The rotor of the H225 that crashed near separated from the helicopter at an altitude of 9000 ft.
The rotor of the H225 that crashed near Bergen separated from the helicopter at an altitude of 9000 ft.


By Anthony Tucker-Jones

Following the crash of Airbus Helicopters H225, LN-OJF at Turøy, Norway on 29 April the Accident Investigation Board Norway (AIBN) has ruled that that the H225’s Main Gear Box (MGB) is not safe.

In light of previous accidents the AIBN initially announced ‘the scenarios under consideration include failure of epicyclic module, suspension bar (lift strut) attachment and attached MGB conical housing.’

Last week examination of the recovered second stage planet gear ‘revealed features strongly consistent with fatigue’.

Alarmingly AIBN warned last Wednesday ‘The nature of the catastrophic failure of LN-OJF main rotor system indicates that the current means to detect a failure in advance are not effective.’

This means that there is no way of offering advanced warning of the Main Rotor Head and mast suddenly detaching from the H225. This is of very serious concern to both civilian and military operators.

In response last Thursday the European Aviation Safety Agency (EASA) said both the H225 and AS332 variants should not fly while the accident investigation is underway. The ban includes search and rescue flights, but does not appear to include military variants.

The H225M (formerly the EC225 Super Puma) is the nine ton class long range transport helicopter in Airbus’s extensive Cougar/ Super Puma family.

It is essentially a larger variant of the AS332 Super Puma (now the H215), which has been marketed for military use as the AS532 Cougar, (215M). All the Super Puma family are powered by two French built Turbomeca Makila turboshaft engines.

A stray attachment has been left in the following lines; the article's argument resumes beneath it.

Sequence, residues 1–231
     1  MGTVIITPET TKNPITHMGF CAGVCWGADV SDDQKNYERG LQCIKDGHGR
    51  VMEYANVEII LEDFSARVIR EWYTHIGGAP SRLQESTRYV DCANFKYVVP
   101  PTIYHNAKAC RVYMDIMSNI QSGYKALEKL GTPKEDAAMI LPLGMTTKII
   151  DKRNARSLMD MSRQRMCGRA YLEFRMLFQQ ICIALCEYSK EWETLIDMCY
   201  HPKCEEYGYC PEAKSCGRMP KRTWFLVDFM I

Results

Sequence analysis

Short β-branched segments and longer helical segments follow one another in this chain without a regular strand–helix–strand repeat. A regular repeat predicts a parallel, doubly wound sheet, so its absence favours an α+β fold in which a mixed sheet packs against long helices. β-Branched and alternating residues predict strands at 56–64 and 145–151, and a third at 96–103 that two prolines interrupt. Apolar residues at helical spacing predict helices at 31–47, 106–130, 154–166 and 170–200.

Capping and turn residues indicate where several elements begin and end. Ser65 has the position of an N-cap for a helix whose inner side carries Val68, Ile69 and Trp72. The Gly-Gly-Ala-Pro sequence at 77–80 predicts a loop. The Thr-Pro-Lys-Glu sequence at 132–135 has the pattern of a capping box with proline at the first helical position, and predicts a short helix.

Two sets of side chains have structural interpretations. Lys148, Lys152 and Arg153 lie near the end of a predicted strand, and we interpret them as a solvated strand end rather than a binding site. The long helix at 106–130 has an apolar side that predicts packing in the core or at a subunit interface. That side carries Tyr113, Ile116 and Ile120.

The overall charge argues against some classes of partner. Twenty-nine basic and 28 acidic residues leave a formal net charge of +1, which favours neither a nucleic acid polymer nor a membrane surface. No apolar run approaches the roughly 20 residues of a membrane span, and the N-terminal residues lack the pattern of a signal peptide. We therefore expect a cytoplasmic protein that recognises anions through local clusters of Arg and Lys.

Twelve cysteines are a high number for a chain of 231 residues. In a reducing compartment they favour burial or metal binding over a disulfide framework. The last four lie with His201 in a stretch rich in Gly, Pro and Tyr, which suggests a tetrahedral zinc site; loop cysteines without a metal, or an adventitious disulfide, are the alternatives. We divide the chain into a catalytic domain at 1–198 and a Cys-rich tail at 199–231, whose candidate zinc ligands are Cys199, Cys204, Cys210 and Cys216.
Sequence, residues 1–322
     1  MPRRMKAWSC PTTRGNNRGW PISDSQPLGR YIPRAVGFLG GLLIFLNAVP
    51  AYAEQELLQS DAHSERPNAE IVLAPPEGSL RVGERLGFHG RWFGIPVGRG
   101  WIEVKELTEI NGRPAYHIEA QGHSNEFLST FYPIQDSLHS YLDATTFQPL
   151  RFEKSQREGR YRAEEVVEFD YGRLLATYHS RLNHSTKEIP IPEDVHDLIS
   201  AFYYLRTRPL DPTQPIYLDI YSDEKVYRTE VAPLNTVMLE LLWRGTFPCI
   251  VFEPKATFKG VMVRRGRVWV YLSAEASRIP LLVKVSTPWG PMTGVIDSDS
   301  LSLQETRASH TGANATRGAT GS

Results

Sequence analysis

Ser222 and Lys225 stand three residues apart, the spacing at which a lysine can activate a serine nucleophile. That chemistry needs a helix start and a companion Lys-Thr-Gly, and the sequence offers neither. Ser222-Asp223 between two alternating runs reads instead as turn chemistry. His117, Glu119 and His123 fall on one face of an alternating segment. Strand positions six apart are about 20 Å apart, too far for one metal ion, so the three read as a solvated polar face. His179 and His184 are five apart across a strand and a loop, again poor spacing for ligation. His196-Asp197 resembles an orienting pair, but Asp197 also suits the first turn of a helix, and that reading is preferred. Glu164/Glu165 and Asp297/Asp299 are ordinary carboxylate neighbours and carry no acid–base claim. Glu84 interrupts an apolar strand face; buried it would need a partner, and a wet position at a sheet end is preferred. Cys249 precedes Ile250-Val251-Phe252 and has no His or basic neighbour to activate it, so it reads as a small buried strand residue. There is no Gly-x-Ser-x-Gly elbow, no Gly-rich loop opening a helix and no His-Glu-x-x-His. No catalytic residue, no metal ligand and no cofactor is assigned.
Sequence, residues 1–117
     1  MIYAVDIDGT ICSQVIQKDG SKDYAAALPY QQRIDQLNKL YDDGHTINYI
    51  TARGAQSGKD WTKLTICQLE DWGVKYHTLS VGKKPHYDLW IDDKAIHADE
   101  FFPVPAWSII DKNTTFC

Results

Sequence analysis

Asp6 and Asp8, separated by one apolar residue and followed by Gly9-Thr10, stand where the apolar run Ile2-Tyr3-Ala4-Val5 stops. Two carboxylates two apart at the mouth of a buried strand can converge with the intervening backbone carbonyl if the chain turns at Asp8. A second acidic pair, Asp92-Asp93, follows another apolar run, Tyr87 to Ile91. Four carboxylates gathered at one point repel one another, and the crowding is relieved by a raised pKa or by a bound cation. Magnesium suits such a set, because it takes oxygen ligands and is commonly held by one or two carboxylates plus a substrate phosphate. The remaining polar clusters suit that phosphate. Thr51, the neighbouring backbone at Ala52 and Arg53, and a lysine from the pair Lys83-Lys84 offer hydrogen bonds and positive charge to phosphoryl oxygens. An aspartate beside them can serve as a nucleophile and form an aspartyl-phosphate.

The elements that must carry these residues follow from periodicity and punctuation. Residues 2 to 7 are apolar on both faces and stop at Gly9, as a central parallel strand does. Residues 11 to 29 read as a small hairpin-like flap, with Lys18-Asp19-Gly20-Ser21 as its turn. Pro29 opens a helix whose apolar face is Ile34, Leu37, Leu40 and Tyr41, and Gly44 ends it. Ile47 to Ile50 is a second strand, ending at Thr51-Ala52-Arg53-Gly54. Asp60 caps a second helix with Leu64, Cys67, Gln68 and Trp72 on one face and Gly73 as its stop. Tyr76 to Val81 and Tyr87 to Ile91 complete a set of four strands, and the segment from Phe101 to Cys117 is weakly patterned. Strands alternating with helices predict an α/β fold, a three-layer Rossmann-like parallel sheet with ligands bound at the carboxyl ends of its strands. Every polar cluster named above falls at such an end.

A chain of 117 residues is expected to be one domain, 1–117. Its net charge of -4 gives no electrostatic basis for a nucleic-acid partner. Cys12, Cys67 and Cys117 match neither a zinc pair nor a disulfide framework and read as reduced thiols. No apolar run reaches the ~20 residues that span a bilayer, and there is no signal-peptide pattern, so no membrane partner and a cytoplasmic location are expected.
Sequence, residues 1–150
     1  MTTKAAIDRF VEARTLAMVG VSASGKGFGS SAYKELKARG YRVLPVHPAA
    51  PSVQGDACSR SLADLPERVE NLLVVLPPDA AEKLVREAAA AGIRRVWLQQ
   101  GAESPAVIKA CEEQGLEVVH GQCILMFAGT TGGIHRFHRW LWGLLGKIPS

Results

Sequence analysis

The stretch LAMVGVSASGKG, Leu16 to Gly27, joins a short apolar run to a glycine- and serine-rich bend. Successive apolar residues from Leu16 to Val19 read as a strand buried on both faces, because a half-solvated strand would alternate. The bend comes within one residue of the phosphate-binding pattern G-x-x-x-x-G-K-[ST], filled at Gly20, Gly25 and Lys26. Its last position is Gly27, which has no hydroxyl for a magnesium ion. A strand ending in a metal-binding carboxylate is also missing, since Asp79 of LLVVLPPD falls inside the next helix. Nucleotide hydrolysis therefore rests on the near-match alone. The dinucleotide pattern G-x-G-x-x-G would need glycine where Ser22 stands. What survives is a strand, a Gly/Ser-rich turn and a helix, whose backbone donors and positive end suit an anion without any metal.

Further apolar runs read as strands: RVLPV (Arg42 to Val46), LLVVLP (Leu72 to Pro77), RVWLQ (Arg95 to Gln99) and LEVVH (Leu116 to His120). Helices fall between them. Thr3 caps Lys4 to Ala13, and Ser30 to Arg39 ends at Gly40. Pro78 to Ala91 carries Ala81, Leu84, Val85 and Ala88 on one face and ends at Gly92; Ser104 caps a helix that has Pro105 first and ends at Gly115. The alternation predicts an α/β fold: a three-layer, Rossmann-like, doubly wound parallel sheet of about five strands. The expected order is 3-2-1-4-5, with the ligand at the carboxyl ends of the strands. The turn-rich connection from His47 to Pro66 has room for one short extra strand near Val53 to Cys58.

The Super Puma is deployed by at least thirty air forces worldwide. The H225 is also deployed by half a dozen countries in a maritime role, while a dozen countries employ it in its civilian configurations.

One of the key users is the French Army (Armée de Terre) and Air Force (Armée de l’Air). In total, according to the respected Flightglobal, the French operate about 120 Puma and 60 Super Puma variants.

A UK Ministry of Defence source said ‘the British Armed Forces do not operate the H225 and the ban does not affect the RAF’s Puma Mk.2 (AS330) fleet.’

However, these have new Turbomeca Makila 1A1 turboshaft engines and new gearboxes following a recent major upgrade designed to give thirty helicopters a ten-year life extension. The 1A1 offers a slightly lower performance than the 1A2 that powers Super Puma.

This work was conducted by Airbus at a cost of £220m. Around £45m was also spent on the engines, which power the AS332/532 Super Pumas. Another £35m was assigned to support the upgrade. This means the overall programme cost £300m.

After accidents in 2012 the gearbox fatigue on LN-OJF suggests that further modifications to the MGB will be needed before the H225 is given the all clear. The potential safety ramifications for military Super Pumas could be far reaching and safety checks will be going on behind the scenes.

Recommended Posts